Recognising early signs of delirium could help prevent the patient becoming more unwell and in some cases, could prevent their death.
Over the past 10 years or so dementia has, quite rightly, been the focus of a great many policies, commissioning guidelines, calls to action and educational initiatives. As a result, great strides have been made in improving the experience of people living with dementia and their families. Of course, there is always a need to continue improving and perhaps the next step in this improvement journey is to focus on delirium.
Some acute hospitals have already made the connection between dementia and delirium, understanding how undiagnosed delirium can create the negative experiences so often reported by people with dementia and their families, and are turning their attention to its early recognition, prevention and management.
However, if we are to see a reduction in the severity of the delirium and the adverse outcomes which include falls, dehydration, malnutrition and, in too many cases, death, delirium needs to be recognised early. It is here we need the help of community colleagues who are best placed to recognise early changes in people's behaviour.
When a person is "a bit muddled", "not themselves" or perhaps a bit sleepier than usual or not able to settle into their usual daily routine, this may be the first sign of delirium. These are essentially changes in the person's state of arousal due to a change in their medical condition. It is important that nurses and nursing assistants attending to people in their own homes, care homes and day centres are delirium aware and able to recognise these signs.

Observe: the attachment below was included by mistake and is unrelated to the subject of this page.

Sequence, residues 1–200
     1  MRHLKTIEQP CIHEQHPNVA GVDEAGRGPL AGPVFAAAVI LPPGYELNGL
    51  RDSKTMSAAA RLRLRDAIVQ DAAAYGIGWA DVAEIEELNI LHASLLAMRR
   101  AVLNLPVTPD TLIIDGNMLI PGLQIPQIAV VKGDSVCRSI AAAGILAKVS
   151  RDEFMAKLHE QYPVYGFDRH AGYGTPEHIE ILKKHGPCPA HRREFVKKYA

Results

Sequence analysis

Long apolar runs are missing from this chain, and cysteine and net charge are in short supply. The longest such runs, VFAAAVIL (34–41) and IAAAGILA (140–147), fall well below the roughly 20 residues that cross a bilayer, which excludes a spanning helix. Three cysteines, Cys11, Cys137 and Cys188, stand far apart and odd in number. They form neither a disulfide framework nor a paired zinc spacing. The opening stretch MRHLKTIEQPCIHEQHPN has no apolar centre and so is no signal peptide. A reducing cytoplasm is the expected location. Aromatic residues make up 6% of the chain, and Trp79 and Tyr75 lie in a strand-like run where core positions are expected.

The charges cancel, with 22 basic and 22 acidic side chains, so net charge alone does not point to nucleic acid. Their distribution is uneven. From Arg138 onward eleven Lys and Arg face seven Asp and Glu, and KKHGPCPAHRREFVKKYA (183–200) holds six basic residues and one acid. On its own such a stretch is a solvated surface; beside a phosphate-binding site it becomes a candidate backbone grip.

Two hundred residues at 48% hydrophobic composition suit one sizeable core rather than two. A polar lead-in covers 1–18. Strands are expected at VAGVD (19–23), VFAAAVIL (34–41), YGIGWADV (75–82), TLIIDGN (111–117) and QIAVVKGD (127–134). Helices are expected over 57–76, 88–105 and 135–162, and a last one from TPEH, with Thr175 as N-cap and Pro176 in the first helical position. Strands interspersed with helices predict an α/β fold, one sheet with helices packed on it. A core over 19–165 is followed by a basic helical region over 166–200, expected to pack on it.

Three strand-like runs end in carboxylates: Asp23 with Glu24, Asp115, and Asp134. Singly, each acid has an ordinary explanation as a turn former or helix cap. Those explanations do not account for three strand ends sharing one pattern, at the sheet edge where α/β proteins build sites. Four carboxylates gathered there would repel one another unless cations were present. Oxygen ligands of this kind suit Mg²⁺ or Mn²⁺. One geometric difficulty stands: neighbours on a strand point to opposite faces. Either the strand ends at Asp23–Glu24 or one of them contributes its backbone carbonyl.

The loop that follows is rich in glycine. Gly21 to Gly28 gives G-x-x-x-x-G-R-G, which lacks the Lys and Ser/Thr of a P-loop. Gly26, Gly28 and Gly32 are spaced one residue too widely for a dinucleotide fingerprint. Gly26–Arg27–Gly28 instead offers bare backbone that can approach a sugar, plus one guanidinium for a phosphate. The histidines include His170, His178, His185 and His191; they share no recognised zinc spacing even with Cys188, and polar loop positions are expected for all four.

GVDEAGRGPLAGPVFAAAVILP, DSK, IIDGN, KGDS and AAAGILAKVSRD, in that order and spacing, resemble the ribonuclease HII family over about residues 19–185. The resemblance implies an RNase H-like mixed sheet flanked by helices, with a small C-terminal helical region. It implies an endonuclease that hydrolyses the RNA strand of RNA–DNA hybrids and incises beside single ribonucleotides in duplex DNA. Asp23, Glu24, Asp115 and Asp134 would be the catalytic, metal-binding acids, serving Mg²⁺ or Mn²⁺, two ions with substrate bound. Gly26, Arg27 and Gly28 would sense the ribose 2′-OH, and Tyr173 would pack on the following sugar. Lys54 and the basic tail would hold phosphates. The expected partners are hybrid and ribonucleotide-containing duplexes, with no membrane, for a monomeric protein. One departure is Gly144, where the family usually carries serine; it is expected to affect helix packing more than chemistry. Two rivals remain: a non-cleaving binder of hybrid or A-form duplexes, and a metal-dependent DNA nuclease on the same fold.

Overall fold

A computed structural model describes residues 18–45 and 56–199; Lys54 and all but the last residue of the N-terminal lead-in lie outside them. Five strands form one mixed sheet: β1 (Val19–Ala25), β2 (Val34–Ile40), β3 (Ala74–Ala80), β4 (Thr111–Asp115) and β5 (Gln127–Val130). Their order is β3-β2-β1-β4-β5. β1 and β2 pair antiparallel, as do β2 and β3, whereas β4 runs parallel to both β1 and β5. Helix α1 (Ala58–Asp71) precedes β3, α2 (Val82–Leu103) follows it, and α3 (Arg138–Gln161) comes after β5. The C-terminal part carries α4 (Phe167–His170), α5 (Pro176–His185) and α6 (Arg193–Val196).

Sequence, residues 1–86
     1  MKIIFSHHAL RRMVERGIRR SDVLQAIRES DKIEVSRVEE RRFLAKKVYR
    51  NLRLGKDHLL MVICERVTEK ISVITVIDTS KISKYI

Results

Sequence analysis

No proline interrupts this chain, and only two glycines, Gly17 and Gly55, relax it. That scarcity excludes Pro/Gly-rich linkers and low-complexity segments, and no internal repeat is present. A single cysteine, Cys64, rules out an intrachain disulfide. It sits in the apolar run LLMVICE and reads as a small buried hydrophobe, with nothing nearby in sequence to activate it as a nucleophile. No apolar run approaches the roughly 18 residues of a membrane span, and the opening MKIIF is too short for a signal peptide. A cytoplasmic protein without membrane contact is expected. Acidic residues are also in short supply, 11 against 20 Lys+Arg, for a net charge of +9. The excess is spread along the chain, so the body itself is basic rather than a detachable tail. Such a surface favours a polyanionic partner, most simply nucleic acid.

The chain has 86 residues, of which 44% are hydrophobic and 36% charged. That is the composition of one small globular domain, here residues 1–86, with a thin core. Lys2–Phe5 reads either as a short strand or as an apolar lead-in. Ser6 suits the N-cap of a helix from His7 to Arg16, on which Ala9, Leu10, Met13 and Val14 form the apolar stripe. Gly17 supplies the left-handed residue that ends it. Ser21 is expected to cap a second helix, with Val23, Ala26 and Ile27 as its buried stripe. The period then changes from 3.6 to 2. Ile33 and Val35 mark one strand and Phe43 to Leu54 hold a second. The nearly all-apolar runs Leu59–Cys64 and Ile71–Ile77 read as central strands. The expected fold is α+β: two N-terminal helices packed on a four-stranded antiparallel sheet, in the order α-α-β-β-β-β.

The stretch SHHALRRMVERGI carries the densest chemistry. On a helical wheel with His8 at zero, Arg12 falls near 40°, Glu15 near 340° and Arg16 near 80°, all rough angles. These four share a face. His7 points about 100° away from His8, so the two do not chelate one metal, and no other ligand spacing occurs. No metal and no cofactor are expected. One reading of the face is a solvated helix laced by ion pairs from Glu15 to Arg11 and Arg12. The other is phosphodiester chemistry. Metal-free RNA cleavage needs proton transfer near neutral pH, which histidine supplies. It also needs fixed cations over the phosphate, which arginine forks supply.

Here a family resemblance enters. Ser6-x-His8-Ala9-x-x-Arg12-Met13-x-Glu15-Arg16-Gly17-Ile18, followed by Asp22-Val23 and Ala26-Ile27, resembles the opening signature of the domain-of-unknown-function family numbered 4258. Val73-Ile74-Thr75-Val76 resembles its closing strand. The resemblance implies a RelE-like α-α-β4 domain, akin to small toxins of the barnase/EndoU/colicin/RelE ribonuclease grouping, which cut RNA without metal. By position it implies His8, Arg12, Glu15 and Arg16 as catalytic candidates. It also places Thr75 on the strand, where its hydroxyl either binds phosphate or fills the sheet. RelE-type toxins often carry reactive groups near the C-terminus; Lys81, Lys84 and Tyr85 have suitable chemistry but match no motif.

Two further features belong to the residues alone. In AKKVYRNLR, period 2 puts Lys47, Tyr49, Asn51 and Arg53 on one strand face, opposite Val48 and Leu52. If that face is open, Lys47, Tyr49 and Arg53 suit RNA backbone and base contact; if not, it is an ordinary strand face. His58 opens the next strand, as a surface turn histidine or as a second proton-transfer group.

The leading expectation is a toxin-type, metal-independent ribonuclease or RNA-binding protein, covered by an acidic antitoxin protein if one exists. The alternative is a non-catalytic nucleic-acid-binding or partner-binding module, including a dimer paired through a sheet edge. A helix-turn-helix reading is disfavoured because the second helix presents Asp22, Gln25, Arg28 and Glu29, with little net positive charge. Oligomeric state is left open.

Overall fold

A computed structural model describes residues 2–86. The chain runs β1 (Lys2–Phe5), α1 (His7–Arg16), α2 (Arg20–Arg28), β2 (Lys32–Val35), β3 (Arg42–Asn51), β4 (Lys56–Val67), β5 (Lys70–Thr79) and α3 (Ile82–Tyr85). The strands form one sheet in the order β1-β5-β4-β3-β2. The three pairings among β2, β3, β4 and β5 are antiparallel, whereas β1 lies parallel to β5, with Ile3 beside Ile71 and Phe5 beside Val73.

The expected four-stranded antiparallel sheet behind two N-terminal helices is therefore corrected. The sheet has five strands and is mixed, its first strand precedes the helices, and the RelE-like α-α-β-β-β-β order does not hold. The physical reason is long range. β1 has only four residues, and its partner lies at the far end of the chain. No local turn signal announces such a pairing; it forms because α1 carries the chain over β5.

If swiftly escalated to someone who can complete an assessment, delirium could be identified and treated, averting further physical and cognitive decline and maybe preventing a fall or avoiding an unnecessary hospital attendance.
The RCN's Older Peoples' Forum, supported by My Improvement Network, has launched a Delirium Champions programme for community nurses to help raise awareness. Nurses and nursing assistants are asked to sign up to become delirium champions and are provided with resources to enable them to deliver awareness sessions to their teams and create escalation plans.
I would encourage you to sign up and join the other 1,000 nurses who have committed to being delirium champions. Not only will you receive a much sought-after pin badge with the slogan "Don’t Discount Delirium", you will also have the opportunity to attend our end of project evaluation and celebration event at RCN headquarters where you can meet other champions and share your case studies and experiences.
Look forward to meeting you at HQ.